‘We don’t want EDL with our Cornflakes’

Those calling for the EDL leader to be ‘no platformed’ from BBC radio hold the listening public in contempt.

Patrick Hayes

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Should you need to be an elected representative to appear on BBC Radio 4’s flagship Today programme?

That appears to be the bizarre conclusion of some disgruntled commentators, who were left choking on their croissants while listening to the working-class vowels of English Defence League (EDL) leader Tommy Robinson on the Today programme last Tuesday. Robinson had been invited into the studio to discuss the sentencing of six Muslim would-be terrorists who had plotted to detonate explosives at an EDL demo in 2012. They might have succeeded had it not been for their own incompetence.

The sound of Robinson’s voice on Today, however, was simply too much for many commentators. They quickly took to Twitter to express their disbelief before rapidly penning angry pieces for newspaper blogs. After all, as one writer for the Huffington Post pointed out, the BBC is meant to be the voice of ‘the establishment’. What excuse did the BBC have?, others asked. After all, the BBC didn’t even have the excuse it had when inviting the far-right British National Party (BNP) leader Nick Griffin on to Question Time in 2009 – Griffin was at least a democratically elected member of the European parliament.

The Guardian chose to draw attention to the concerns that Robinson, ‘who is not an elected representative, was invited [on the programme]’. This is not an isolated concern; earlier in the month, a New Statesman writer complained that the EDL leader was being hyped up despite having little popularity in opinion polls. According to this pundit’s logic, should the massively unpopular Lib Dems be getting a platform on the BBC? Should no one be allowed to comment on air unless they have a democratic mandate to do so?

Others on Twitter were simply incredulous. ‘Why on earth is Tommy Robinson being given a platform on @BBCRadio4?’, tweeted one listener. Others claimed that offering the EDL a platform was ‘disgraceful’, ‘shocking’ and ‘so inappropriate’. One tweeted: ‘I wonder if Today programme editors even considered what their Muslim listeners would think about hearing the EDL over their cornflakes?’ The EDL should be no platformed, reasoned one twitterer, because ‘EDL are fascist. If fascists got into power, the first thing they would do would be to deny free speech!’ Quite right! Why wait for fascists to get into power, when censor-happy anti-fascists can crush foundational democratic freedoms today?

And what shocking, inflammatory, hate-filled ‘filth’ did the ‘moron’ Robinson spew out over these most respectable of British airwaves? Erm, actually, very little. He said that he ‘utterly condemned’ violence against Muslims, that the EDL was a peaceful organisation and that its tactics are ‘completely questionable’. The only grounds for violence, Robinson implied, was if his own supporters attempted a Hitler salute at an EDL rally (in 2011, he was convicted of assault for head-butting such a ‘troublemaking’ member). The most extreme thing Robinson called for was the outlawing of Sharia law and the internment of Muslims calling to ‘overthrow our Queen and our democracy’. (This is admittedly an extreme statement, but it’s a far cry from the incitements to Mosque-burning that some hysterical commentators seem to think they heard.)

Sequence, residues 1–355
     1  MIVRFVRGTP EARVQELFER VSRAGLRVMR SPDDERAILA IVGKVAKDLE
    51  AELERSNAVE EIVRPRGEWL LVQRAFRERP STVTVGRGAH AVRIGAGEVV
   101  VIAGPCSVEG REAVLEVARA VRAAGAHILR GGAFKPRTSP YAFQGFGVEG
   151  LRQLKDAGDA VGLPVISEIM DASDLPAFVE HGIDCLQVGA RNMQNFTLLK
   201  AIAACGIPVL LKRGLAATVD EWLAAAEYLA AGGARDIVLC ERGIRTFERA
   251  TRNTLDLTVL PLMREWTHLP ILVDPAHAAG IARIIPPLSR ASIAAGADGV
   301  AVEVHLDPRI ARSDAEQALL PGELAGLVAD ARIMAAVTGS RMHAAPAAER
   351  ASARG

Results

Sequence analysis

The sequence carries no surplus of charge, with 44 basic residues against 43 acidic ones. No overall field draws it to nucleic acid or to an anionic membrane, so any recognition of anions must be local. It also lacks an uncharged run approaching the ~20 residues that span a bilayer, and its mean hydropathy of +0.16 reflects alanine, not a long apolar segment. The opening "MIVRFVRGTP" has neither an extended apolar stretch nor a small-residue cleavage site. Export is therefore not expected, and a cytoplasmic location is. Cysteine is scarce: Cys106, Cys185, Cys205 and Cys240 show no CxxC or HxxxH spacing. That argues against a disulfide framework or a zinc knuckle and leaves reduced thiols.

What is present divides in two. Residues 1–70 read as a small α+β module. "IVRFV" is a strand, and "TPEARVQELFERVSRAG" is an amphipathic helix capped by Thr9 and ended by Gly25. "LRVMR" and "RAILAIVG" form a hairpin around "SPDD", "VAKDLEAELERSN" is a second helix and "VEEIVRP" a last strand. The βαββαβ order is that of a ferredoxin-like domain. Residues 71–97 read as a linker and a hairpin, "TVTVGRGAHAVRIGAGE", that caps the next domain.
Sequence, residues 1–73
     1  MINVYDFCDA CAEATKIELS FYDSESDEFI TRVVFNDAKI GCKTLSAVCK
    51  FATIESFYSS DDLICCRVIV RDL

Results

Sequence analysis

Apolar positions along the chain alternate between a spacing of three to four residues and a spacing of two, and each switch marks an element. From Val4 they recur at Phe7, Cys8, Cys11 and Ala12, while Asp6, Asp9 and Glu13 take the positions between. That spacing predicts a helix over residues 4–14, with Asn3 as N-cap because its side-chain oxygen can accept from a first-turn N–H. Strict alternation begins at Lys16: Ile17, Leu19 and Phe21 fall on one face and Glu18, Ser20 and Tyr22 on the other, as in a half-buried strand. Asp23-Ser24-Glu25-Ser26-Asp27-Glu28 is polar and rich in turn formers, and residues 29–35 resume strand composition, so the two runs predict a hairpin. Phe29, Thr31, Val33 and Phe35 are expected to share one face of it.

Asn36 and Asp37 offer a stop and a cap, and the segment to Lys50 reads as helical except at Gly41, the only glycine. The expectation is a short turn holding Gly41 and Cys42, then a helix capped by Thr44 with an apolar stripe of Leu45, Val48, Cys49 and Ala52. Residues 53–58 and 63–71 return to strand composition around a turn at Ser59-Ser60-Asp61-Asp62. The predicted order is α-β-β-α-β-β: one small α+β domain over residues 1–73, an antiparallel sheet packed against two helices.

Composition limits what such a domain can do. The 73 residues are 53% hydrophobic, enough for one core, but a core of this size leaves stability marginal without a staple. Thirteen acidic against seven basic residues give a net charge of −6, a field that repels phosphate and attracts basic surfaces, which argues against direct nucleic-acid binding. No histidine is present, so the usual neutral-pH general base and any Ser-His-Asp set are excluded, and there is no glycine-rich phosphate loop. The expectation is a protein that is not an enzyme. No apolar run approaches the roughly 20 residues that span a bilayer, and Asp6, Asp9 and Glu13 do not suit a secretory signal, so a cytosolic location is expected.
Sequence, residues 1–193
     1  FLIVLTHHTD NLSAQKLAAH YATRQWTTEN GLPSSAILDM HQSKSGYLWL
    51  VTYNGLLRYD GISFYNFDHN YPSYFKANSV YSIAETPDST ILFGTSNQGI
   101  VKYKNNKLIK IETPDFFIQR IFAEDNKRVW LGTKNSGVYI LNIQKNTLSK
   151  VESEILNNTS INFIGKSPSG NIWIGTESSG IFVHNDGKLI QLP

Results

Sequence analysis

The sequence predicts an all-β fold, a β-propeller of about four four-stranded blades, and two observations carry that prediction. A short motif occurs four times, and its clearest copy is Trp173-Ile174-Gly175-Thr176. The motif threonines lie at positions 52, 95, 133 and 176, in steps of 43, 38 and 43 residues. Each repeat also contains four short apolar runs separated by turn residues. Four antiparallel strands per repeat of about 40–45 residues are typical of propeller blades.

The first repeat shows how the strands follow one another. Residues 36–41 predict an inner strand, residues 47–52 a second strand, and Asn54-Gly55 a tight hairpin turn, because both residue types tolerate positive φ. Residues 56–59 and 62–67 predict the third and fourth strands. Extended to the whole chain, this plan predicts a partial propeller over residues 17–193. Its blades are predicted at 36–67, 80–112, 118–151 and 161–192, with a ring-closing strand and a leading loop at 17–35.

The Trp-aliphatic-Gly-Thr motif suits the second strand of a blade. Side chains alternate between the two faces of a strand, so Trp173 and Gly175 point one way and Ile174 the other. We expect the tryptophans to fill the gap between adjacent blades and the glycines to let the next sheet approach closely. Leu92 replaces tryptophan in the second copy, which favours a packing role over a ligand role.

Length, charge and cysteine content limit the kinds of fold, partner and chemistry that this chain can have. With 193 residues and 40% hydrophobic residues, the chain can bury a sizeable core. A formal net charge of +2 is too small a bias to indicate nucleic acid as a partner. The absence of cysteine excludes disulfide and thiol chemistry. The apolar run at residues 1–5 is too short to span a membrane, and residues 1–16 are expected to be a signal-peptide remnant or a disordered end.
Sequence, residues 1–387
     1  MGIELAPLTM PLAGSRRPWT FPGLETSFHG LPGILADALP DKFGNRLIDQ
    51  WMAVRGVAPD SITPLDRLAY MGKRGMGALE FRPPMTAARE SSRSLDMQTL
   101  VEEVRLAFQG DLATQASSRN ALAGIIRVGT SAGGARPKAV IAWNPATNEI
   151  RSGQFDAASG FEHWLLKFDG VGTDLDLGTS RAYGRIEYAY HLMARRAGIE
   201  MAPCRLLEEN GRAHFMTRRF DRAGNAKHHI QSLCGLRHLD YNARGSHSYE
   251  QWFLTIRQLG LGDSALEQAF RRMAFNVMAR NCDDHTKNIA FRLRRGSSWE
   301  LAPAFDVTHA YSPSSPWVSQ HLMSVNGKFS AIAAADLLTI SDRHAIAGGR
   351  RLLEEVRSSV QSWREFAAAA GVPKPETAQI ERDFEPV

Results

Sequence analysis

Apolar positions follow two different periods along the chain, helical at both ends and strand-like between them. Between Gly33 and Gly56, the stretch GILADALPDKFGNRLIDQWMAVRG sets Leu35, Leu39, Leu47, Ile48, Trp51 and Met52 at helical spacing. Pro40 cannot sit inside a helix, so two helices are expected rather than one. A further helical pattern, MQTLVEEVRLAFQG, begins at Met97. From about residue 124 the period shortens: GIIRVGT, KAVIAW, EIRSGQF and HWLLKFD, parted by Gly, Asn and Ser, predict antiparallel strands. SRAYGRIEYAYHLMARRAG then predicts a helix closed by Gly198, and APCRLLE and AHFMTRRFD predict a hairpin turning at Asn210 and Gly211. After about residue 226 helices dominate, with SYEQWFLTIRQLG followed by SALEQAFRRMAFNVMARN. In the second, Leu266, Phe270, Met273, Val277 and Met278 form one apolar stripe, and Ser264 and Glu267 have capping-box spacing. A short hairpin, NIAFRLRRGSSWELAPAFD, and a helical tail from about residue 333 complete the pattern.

In fact, the largely anodyne nature of Robinson’s remarks seemed only to rile his critics further. How dare the BBC conduct a normal interview with Robinson, without taking the opportunity to grill him about every aspect of his organisation? The interview was, as another article frothed, far too ‘easy’ on the EDL. A Greenpeace campaigner complained it was ‘irresponsible soft-soap’ while others whined that it was too ‘polite’, and gave the EDL ‘legitimacy’. Some commentators chose not to call for the outright censorship of Robinson, which they claimed would turn him into a ‘free-speech martyr’. Instead they seemed angered that Robinson was taken seriously, rather than – like Nick Griffin’s appearance on Question Time – endlessly mocked.

The political director of the Huffington Post, Medhi Hasan, typed out a list of questions Today programme interviewer Sarah Montagu should have asked, regardless of their relevance to the interview topic. These included Robinson’s views on Norwegian mass murderer Anders Breivik, where the EDL gets its funding from and even what Tommy Robinson’s real name was. Another writer suggested questions should have been asked about the size of the EDL’s membership and whether his supporters were fuelling ‘anti-Islamic hate crime’. Perhaps if Robinson had received the full grilling, he could have been revealed as the Muslim-bashing, neo-Nazi thug that all sensible left-wing types just know him to be.

In failing to ask a whole heap of irrelevant questions, Telegraph blogger Dan Hodges argued that ‘Mr Robinson made a pretty good fist of pulling the wool over the eyes of his interviewer Sarah Montagu, and the nation as a whole’. For Hodges, it seems, the woolly-eyed public can’t possibly be trusted to listen to Today and make their own minds up about Robinson.

And this is what the criticism of Robinson’s appearance on Today amounts to: a fear that people are unable to make up own minds about the content of what the EDL is saying, at least without sufficient guidance and counter-balance from right-thinking people.

Patrick Hayes is a columnist for spiked.

Picture by: Gareth Fuller/PA Wire/Press Association Images

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